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We’re about to find out just how solid Chrystia Freeland’s “fiscal guardrails” really are.

The Deputy Prime Minister and Finance Minister introduced the country to that term a little over a year ago, in last fall’s economic and fiscal update. It describes a set of economic indicators, primarily from the labour market, that Ms. Freeland said would guide her government on when to shut off the taps on the flow of government spending aimed at supporting the economy, workers and businesses through the COVID-19 crisis.

“Fiscal guardrails will help us establish when the stimulus will be wound down,” Ms. Freeland said in her address to the House of Commons at the time.

“These data-driven triggers will tell us when the job of building back from the COVID-19 recession is accomplished, and we can bring one-off stimulus spending to an end. When the economy has recovered, the time-limited stimulus will be withdrawn and Canada will resume its long-standing, prudent and responsible fiscal path, based on a long-term fiscal anchor, which we will outline when the economy is more stable.”

As she approaches a new fall update on Tuesday, those words will be put to the test. It appears the key labour-market indicators on which the government has focused are bumping up against those guardrails. We’re going to find out if the government was serious about using those economic signals to put its stimulus genie back in the bottle, and if it’s prepared to commit to the next steps and re-establish longer-term fiscal discipline.

While Ms. Freeland and her colleagues have never spelled out the finer details of these fiscal guardrails, they have provided us with enough to have a pretty good idea of the construction materials. Last April’s budget identified several key labour market indicators, with the employment rate, hours worked, and the unemployment rate as the primary guides. Charts illustrated that these indicators remained considerably weaker than their pre-pandemic levels.

Today? The employment rate and total hours worked have exceeded their level of February, 2020, the last full month before the pandemic lockdowns. Unemployment, at 6 per cent in November, is still slightly above the pre-COVID level of 5.7 per cent, but remember that unemployment was near four-decade lows in the months before the pandemic.

By the government’s own key measures, the labour market looks either fully recovered or very close. Yet in testimony to the House of Commons Standing Committee on Finance last week, Ms. Freeland continued to talk about the labour recovery as unfinished work.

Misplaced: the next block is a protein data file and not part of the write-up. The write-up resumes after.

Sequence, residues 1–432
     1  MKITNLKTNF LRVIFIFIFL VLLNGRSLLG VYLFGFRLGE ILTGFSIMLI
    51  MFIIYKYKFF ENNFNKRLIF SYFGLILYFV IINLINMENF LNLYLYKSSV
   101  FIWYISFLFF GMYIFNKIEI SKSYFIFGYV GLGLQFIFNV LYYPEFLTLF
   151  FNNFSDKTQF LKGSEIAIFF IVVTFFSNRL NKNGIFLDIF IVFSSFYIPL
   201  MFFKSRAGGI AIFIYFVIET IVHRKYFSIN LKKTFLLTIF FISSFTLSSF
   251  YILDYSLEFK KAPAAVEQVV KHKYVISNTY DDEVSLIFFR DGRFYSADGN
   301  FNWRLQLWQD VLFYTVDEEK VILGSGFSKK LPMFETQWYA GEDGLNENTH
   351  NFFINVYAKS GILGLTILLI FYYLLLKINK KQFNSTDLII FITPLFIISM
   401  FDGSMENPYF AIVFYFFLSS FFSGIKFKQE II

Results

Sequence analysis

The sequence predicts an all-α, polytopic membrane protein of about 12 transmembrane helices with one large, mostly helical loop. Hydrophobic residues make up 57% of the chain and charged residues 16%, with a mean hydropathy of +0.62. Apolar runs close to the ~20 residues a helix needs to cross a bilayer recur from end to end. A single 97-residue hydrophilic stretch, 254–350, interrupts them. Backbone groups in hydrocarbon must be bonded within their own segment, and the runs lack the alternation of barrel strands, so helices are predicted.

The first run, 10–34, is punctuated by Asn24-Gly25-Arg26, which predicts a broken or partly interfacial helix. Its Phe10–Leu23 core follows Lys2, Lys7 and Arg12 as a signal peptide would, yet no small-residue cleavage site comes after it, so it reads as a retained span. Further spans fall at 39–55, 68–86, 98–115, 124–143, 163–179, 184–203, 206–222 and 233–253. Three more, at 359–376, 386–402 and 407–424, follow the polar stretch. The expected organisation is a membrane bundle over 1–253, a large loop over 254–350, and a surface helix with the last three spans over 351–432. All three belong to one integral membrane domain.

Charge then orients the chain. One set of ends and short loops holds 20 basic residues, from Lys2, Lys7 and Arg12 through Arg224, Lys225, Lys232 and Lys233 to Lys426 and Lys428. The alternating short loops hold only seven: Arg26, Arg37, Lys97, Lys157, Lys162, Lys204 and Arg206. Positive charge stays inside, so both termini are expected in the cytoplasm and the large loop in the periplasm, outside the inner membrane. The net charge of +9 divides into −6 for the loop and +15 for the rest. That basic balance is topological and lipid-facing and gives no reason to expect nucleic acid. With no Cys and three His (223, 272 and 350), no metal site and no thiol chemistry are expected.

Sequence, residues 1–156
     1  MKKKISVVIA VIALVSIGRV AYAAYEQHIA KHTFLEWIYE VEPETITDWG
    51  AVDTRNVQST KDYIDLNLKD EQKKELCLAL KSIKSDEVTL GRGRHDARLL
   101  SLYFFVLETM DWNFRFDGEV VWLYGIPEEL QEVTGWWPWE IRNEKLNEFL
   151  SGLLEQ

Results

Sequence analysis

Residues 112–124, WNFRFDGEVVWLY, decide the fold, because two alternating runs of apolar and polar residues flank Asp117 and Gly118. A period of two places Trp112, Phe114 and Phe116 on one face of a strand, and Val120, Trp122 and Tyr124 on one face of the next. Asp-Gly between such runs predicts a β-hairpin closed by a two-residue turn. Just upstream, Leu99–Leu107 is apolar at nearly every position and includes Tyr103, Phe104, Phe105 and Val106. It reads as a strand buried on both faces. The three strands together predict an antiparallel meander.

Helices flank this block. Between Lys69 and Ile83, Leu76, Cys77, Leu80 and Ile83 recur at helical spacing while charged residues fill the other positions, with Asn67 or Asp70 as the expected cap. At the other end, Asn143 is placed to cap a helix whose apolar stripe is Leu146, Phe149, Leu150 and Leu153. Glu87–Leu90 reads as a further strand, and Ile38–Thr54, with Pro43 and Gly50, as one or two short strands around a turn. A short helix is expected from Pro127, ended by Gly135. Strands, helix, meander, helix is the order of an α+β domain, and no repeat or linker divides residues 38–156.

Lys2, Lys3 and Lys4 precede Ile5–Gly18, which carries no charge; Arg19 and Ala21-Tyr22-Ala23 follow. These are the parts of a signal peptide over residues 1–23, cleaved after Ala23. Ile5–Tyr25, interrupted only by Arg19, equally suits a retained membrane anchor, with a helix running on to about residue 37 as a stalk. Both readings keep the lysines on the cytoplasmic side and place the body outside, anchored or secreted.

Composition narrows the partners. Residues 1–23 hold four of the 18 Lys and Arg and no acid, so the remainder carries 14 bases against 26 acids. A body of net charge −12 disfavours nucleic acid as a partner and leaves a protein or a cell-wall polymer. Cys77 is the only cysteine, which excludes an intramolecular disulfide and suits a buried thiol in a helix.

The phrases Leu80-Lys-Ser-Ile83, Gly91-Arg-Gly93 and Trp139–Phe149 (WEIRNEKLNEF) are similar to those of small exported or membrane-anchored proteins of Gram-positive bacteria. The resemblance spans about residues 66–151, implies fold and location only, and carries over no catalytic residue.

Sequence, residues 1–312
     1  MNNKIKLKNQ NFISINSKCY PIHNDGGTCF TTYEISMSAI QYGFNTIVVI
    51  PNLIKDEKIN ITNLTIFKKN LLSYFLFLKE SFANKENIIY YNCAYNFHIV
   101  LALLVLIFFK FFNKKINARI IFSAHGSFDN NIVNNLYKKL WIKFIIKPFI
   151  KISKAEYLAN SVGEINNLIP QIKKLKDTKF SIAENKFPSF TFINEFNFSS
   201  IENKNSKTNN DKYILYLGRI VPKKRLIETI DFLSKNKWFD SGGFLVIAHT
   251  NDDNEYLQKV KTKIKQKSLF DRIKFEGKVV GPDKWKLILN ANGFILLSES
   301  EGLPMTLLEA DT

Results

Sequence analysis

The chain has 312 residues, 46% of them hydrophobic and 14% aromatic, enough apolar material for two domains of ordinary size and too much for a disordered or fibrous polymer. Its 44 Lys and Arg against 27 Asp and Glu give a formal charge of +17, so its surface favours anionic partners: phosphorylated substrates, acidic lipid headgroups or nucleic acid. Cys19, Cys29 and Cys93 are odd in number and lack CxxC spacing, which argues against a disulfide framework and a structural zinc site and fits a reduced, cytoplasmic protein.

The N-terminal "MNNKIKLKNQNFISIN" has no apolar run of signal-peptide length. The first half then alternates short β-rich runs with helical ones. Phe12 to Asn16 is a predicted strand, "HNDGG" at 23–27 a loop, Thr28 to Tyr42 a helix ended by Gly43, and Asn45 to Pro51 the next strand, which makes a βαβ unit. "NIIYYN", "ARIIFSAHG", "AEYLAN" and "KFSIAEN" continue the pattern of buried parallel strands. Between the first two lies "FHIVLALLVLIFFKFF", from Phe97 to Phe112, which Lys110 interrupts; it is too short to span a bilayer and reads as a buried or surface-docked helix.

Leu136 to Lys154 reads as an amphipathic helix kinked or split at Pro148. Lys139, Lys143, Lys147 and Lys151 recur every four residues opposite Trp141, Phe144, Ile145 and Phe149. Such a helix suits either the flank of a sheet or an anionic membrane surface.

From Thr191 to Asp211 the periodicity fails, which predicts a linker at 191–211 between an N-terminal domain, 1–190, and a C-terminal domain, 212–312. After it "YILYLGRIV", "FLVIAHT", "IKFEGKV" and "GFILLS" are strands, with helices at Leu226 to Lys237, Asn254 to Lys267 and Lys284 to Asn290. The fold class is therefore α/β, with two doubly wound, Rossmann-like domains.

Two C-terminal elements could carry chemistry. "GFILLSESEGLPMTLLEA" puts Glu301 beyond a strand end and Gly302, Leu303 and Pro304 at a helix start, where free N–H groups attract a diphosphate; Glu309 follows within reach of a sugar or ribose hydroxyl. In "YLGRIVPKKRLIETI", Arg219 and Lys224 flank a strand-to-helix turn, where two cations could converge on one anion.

“If you say to me today, what is my core thing I’m the most worried about ... we can’t let COVID get ahold of us again ... but the second thing I’m the most worried about is getting jobs back.”

No doubt that’s good politics. Parties of all stripes figured out long ago that jobs are the one thing in the economy to which pretty much every voter can relate.

But it also flies in the face of the very numbers Ms. Freeland identified as setting the limits for the government’s stimulus spending. The jobs are back. The fiscal guardrails of her own making are telling her to steer the fiscal ship in another direction.

Of course, a great deal of the government’s pandemic stimulus efforts have already been withdrawn as that labour recovery has emerged, claims for those benefits have subsided, and some of the biggest and most costly programs have expired.

Still, as my colleague Patrick Brethour writes, much of the $100-billion stimulus package in last spring’s budget was made up of items that were, in reality, longer-term spending commitments rather than time-limited supports. (For example, the government’s national affordable childcare plan is part of that stimulus plan.)

There’s no reason the government shouldn’t use its recovery plan as an opportunity to tackle longer-term economic priorities (although, obviously, it would be preferable if it hadn’t dressed them up as part of a time-limited response to a crisis). But it needs to do so within some established boundaries of fiscal discipline. It must weigh its program ambitions against clearly defined fiscal targets and limits.

If Ms. Freeland intends to live up to her pledge of a year ago, then reaching the fiscal guardrails also means re-establishing just such boundaries – the “fiscal anchor.”

In the years before the pandemic, the Liberal government relied on the ratio of government debt to annual gross domestic product as this anchor, with a standard pledge to reduce debt-to-GDP (generally without getting too specific on targets). That went out the window in the pandemic, but in last spring’s budget, the government suggested it will return to this approach in the future.

“The government is committed to unwinding COVID-related deficits and reducing the federal debt as a share of the economy over the medium term,” it said.

But we’re now dropping that fiscal anchor into much deeper waters. In the 2019-2020 budget year, net-debt-to-GDP was 31 per cent; today, it’s more like 50 per cent. Simply saying “we’ll make it smaller” is a pretty toothless promise, and is a long way from anchoring fiscal policy in a determination to dig the country’s finances out of their pandemic hole.

If the promise of those fiscal guardrails is to mean anything, Ms. Freeland needs to move beyond them, to set meaningful anchors that will clearly define the path to taming the pandemic’s deficits and debts. Her government’s credibility as a fiscal manager depends on it. The time has arrived.

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